5: Telling With Pride and Fending for Yourself, 1997.
To see text visit http://www.doaskdotell.com/content/xchap5.htm
off the psychological mountaintop of the battle over the military gay ban, I
return to “mundane” civilian life in the year that I published the book. By
this point a major thesis is developing: if I want to be comfortable with
myself as a gay man, and to claim my freedom to private choice and publication
of that choice, then
I won’t just have to be responsible for myself, I may wind up fending for
chapter is the most “dissertation-like” in the opus, containing 206 footnotes and, compared to the
previous chapters, relatively little autobiography. But I’ll run through it now.
fact, by the early 1990s I had affiliated myself with Gays and Lesbians for
Individual Liberty (http://www.gayliberty.org/),
a group of generally professional men (mostly) who subscribed to the individual
rights way of arguing for “gay rights” (sic) rather than the idea of
minority status. Pretty soon, I started getting published in GLIL’s newsletters (The Quill) and then in some
other gay papers, particularly
the other major personal content of this chapter was my own “skirmishing” with
theme of the whole DADT book had been the development of political philosophy
(e.g., libertarianism) based on the idea of inflexibly holding every person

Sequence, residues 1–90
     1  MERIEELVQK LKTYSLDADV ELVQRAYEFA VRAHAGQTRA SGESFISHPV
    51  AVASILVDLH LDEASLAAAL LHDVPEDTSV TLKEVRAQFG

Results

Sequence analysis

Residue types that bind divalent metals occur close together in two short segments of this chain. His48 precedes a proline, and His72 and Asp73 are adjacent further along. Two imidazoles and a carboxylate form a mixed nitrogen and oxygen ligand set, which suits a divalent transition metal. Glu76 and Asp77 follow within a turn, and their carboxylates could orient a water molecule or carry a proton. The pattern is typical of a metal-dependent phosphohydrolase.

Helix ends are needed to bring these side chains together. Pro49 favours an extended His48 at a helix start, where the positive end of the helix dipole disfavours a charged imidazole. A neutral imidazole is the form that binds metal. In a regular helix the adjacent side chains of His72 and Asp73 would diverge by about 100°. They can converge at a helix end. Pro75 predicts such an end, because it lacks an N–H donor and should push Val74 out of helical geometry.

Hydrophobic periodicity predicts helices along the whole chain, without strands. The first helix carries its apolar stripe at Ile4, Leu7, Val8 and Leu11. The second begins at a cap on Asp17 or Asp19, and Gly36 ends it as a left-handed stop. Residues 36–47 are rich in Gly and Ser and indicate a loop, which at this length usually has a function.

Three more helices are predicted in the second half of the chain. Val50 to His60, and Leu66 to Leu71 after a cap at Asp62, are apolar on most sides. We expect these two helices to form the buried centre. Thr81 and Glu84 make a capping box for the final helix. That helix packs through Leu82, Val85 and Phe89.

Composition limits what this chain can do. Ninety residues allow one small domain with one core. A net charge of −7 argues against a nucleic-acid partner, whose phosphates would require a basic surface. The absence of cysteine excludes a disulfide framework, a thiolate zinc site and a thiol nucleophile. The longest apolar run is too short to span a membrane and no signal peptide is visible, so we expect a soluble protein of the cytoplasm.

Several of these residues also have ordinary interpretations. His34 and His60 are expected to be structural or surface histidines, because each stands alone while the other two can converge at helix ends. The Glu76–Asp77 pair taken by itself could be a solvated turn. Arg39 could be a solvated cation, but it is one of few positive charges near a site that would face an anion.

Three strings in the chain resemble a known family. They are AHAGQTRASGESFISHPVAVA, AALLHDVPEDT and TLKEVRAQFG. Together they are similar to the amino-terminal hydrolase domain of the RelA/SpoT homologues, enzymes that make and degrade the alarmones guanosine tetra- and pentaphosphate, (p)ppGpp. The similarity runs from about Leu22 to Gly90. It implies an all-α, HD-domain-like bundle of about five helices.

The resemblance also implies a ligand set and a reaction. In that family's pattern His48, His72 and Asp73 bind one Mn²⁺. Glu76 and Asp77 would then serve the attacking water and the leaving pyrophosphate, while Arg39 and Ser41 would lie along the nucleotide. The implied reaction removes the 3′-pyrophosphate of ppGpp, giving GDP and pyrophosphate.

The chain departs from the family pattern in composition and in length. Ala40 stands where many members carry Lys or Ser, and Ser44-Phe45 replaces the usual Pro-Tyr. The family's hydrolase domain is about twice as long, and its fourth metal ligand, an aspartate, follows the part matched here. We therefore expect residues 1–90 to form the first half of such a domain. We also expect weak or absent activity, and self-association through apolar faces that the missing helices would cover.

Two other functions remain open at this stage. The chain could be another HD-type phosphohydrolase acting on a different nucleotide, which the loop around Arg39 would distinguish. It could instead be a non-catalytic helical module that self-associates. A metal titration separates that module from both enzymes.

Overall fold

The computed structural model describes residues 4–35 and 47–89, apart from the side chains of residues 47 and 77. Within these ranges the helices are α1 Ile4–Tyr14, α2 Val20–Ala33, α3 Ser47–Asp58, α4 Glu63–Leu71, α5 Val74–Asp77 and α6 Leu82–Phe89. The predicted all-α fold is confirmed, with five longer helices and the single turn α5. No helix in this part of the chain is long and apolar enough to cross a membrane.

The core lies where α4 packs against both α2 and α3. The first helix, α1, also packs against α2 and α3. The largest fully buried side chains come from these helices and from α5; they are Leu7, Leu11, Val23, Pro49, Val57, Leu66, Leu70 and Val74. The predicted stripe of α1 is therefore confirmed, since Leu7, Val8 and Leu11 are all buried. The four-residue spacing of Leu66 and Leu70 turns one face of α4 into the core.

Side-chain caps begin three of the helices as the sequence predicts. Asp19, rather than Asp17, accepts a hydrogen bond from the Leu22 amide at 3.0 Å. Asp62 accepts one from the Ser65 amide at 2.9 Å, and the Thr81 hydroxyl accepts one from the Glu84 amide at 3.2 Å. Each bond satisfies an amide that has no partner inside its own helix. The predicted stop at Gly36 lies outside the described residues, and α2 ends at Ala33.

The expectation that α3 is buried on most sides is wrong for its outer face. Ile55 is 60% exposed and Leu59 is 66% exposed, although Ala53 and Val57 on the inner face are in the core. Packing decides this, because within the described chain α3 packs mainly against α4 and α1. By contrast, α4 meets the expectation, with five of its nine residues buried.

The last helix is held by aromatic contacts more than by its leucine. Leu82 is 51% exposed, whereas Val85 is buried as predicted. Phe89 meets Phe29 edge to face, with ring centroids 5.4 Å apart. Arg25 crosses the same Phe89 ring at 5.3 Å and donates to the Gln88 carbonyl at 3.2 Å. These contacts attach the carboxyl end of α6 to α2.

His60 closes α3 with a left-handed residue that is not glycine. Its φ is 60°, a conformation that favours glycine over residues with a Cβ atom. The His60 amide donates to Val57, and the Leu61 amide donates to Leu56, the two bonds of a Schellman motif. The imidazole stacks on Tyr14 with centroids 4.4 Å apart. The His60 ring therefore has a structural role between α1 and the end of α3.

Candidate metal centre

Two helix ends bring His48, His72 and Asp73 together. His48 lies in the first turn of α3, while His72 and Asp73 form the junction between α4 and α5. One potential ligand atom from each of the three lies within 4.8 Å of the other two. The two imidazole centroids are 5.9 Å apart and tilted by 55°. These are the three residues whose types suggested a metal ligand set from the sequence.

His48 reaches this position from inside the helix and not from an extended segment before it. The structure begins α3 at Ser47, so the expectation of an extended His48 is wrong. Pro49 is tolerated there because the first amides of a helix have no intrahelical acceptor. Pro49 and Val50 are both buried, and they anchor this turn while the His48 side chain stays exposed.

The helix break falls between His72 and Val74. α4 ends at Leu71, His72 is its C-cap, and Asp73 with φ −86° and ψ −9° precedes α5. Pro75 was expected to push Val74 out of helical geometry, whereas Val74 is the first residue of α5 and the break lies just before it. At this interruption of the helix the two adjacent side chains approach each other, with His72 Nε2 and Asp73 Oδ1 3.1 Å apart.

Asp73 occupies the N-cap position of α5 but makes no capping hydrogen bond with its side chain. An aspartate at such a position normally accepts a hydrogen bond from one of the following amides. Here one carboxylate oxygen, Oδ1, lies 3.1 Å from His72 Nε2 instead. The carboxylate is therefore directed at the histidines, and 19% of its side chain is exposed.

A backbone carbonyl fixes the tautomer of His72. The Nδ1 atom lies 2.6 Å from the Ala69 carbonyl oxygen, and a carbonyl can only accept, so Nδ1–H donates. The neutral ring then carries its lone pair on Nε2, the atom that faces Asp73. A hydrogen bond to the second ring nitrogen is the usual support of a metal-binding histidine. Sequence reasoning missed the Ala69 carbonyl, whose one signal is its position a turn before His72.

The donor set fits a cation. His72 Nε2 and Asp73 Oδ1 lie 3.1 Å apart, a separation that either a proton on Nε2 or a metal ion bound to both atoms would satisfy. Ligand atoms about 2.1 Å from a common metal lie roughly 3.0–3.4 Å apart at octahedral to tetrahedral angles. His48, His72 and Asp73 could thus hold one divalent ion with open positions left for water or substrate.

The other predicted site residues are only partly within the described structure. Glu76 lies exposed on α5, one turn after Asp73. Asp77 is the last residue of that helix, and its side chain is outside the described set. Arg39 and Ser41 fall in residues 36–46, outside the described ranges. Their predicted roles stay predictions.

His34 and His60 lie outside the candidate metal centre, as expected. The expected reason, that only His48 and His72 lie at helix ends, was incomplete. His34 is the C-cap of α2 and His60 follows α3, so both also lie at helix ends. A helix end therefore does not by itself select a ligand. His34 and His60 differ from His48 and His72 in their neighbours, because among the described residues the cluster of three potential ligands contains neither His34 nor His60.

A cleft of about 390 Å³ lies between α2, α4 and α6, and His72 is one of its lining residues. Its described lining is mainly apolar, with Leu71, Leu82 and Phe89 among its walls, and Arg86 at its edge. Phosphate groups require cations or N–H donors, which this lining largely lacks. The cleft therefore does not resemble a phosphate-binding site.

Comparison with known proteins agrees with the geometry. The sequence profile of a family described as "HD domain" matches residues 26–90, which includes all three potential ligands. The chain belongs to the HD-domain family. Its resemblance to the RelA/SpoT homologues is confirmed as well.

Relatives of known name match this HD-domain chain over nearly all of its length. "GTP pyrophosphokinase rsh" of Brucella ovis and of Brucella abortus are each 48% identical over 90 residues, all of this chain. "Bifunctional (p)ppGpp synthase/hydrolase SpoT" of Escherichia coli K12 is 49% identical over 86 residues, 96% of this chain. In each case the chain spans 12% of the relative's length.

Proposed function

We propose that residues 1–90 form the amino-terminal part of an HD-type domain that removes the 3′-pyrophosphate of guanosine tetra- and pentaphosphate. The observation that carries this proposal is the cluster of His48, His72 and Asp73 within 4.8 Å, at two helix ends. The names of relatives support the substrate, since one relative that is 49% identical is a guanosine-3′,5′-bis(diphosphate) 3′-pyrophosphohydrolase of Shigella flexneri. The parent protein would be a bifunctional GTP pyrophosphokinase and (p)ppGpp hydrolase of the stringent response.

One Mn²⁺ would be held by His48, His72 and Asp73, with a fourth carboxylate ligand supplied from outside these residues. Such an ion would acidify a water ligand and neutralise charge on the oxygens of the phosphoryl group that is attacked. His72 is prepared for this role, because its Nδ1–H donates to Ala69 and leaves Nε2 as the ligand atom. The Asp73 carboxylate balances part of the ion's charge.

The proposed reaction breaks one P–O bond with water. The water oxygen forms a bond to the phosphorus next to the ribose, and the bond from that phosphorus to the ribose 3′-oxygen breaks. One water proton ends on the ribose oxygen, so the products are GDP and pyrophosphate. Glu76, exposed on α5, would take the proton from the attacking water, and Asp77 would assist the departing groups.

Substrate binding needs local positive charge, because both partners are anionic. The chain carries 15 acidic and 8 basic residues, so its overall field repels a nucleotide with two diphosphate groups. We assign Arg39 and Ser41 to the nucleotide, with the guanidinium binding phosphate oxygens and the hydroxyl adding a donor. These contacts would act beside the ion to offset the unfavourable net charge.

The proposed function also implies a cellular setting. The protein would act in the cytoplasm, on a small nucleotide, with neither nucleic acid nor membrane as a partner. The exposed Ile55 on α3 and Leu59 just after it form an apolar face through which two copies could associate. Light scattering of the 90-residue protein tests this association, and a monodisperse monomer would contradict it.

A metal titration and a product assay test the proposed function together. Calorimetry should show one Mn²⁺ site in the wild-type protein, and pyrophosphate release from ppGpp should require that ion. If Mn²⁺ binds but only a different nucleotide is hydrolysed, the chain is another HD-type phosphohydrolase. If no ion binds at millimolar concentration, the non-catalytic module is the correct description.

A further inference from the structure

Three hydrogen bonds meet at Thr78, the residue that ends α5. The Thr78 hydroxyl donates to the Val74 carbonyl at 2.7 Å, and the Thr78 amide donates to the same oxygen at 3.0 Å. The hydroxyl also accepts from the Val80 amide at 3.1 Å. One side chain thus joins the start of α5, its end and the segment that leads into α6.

totally accountable for himself. This idea can have harsh consequences when
carried to the root. But it was a good
way to bootstrap a general discussion of morality when viewed from the
individual’s perspective. A moral
individual demonstrates honor (as described by Joe Steffen),
integrity, and a sense of earning what he has in a
fair-handed way. So a moral individual
answers for his actions, and this accountability arguably includes being able
to take care of others. I have sometimes
called this formulation “morality’s
third normal form,” based on the normalization concepts of relational
is right in prosecuting those who directly harm others, and in holding people
to contracts. But about the more
communal, collective idea of morality, that of social standards and “family
values.” I argue the libertarian
position that government should not settle these cultural questions, but that
in a free market people will tend to settle them through a process of
the cultural questions are extremely important, and for the rest of the chapter
I cover them as if they were seminar topics.
“Family Values.” That sounds like a TM mantra perhaps. In barest terms, it means the willingness, even eagerness, of married adults to put raising children (and perhaps caring for other family members) above all other ambitions and motives, material or individually pleasurable. The term also refers to the propensity of a “grownup” to remain sexually interested in just one (opposite sex) adult for the rest of one’s life, even as that partner grows less “attractive” in “conventional” visual measures. And the complaint is that in today’s world adults, since they have different options, are less willing to demo that.
I’ll state right here, that I resent it when politicians talk glibly about
taking care of “families” as if individuals like me outside of conventional
families did not exist.